• As a general rule I would say yes. Part of it is being out in the fresh air and sunshine. Part is less crowding. Part is the managed rotational grazing moving them to fresh ground. Part of it is the better diet. However, I do not know of any scientific research that shows it one way or the other. Having seen pigs in both situations and knowing that in confinement they use so many antibiotics and other things that aren’t needed routinely on pasture does lead me to believe that pastured pigs are healthier pigs.

          • Ian Carlo Siga says:

            are chickens more easy to start than pigs? I think I will go with the chicks first

          • Yes, I think chickens are an easier start.

      • Farmerbob1 says:

        Walter, didn’t you mention at one time that you thought the sheep you had in pasture with the first pigs you raised taught the pigs what to eat? Especially younger pigs who would normally be inclined to learn what to eat by example?

        • Yes, I credit our sheep with teaching me to do managed rotational grazing, or at least tolerating my learning curve, and then subsequently the sheep taught our first pigs to eat pasture and then hay. Leading by example!

  17. Brian says:

    We are starting with pigs. We have recently had a gilt that delivered 15 piglets. Go Girl!!! she is actually about 2 and this is her first litter cause we got her and didn’t have a boar to breed her with at the time. Super mother very attentive and not aggressive even with squealing piglets as we work with them.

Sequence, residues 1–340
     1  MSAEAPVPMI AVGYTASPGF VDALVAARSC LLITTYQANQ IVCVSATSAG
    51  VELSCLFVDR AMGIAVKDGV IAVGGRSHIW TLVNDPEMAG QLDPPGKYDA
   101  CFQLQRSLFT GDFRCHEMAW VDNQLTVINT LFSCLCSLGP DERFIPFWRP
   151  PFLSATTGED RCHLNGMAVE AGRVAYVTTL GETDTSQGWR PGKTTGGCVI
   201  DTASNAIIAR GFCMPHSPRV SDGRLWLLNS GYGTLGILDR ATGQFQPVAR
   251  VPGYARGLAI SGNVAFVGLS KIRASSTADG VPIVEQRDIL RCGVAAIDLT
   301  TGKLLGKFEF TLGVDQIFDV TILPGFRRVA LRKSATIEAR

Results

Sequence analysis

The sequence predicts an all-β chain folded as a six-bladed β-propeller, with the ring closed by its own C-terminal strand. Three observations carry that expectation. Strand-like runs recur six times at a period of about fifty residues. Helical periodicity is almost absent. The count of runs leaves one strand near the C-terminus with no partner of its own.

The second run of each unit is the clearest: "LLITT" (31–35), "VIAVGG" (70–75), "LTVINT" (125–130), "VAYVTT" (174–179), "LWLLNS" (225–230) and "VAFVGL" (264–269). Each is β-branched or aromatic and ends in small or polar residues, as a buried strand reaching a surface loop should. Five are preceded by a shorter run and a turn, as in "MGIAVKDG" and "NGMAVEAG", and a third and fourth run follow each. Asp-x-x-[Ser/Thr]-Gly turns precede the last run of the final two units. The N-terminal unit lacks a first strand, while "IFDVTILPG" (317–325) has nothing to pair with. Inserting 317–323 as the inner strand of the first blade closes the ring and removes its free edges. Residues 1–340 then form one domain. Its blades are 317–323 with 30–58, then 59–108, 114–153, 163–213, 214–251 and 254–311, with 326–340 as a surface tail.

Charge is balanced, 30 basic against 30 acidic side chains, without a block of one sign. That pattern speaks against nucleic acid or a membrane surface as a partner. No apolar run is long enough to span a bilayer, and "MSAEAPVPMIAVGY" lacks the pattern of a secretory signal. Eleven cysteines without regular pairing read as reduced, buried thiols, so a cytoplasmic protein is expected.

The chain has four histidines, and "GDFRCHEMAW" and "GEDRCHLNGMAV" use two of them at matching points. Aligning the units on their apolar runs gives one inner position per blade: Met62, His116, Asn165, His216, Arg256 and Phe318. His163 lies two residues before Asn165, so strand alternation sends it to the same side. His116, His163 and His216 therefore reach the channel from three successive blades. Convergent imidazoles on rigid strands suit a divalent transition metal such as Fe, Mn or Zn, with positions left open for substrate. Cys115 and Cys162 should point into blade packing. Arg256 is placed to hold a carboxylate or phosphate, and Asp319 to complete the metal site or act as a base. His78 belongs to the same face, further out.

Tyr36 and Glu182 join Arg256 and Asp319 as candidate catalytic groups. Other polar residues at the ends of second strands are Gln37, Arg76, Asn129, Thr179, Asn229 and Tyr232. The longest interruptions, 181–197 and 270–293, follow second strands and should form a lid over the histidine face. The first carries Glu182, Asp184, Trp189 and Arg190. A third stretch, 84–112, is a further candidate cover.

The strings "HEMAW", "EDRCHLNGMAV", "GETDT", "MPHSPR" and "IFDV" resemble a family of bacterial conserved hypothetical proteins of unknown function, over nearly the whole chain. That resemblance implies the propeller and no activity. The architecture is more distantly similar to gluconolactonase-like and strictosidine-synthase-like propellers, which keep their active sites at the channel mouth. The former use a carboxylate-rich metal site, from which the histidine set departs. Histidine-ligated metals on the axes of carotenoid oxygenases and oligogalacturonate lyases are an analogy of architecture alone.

We pasture our pigs as well. Other than the organic land mines we love them. We are trying to get started with selling the pigs for meat. This litter is Berk X Large Black, our other 3 mature pigs are registered Berks.
    We have a local Food Coop that has eggs and raw milk and grass fed beef. We are looking at getting with them to sell our pork. Do you have a form that you have them sign as an agreement? I am amazed at the prices you list for the pigs. I wonder if I can get similar prices down here. We live in South Central Texas. I look at Craigslist and prices are cheap but we have huge wild hog population some some of the hogs that are available are trapped wild pigs which are super cheap.
    I haven’t really asked you much as far as questions but kind of wondering about the Coop and how you came up with the price per pound. Know y’all have been doing this a while and if you have some time I was kinda wanting to pick your brain a little.

    • You can see the basic order form I use on the Literature Page. I keep it simple in terms of contractility. You’ll find both the whole pig order form and also the retail price sheet. The latter will give you a good guide as to the relative pricing of cuts, e.g., Tenderloin vs Ground. For your set point you’ll have to take into account your local market. Pricing is very seasonal and regional. Location, location, location. Your best customer sets the price. In our case our own farm is our best customer for our feeder pigs. That always answers the question of how low should I go. i.e., what can I get for the piglet in four more months. Craig’s List is a particularly bad source of information when pricing so I would be cautious about using that for your price guide.